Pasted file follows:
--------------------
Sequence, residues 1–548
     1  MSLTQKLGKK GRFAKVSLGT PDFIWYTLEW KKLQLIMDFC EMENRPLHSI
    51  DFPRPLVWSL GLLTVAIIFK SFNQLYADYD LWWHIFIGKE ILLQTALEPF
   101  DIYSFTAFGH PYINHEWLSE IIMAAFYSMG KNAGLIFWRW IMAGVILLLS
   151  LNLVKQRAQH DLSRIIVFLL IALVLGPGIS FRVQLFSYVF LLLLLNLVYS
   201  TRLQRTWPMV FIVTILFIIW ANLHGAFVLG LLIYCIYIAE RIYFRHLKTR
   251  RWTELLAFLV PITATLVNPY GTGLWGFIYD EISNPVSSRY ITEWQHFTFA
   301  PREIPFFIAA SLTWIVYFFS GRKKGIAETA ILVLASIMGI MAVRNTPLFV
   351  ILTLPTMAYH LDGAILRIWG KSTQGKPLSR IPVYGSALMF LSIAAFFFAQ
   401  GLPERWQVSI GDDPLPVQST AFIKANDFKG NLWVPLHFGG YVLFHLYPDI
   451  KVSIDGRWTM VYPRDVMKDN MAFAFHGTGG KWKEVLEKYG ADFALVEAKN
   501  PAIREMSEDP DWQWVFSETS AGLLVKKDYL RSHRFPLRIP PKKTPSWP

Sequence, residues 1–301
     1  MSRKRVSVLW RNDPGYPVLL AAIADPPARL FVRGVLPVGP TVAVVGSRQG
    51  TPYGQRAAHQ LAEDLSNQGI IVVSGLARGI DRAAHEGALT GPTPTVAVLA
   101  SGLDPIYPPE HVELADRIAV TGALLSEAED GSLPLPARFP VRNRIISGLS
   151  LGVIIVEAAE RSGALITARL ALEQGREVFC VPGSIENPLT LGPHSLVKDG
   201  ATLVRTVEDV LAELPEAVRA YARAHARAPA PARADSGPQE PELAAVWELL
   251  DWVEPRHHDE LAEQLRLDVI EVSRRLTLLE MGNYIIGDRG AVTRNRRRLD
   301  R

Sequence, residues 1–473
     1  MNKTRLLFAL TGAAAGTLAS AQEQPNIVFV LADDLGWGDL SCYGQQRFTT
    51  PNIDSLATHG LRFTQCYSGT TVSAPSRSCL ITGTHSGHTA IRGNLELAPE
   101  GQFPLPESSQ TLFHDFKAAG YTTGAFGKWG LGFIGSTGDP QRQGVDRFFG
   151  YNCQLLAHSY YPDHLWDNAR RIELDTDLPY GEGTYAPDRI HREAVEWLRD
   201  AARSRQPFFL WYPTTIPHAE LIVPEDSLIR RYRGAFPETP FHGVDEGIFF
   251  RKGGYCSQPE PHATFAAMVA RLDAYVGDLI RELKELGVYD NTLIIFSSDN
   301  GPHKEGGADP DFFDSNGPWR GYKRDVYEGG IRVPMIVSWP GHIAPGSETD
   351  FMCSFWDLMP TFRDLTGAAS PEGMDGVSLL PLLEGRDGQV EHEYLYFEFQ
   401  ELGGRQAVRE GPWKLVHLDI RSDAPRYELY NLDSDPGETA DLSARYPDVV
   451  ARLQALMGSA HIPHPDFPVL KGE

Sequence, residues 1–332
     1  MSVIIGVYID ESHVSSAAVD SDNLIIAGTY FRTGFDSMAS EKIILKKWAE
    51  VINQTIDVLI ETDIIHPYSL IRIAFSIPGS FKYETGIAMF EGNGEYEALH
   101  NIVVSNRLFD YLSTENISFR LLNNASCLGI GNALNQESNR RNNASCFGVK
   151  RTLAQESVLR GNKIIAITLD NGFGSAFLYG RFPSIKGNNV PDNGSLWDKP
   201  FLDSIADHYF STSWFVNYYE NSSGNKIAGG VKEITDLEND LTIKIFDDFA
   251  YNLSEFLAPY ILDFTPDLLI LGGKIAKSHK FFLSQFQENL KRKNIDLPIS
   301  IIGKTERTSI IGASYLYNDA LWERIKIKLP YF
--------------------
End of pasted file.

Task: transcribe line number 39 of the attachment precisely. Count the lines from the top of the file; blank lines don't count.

   301  IIGKTERTSI IGASYLYNDA LWERIKIKLP YF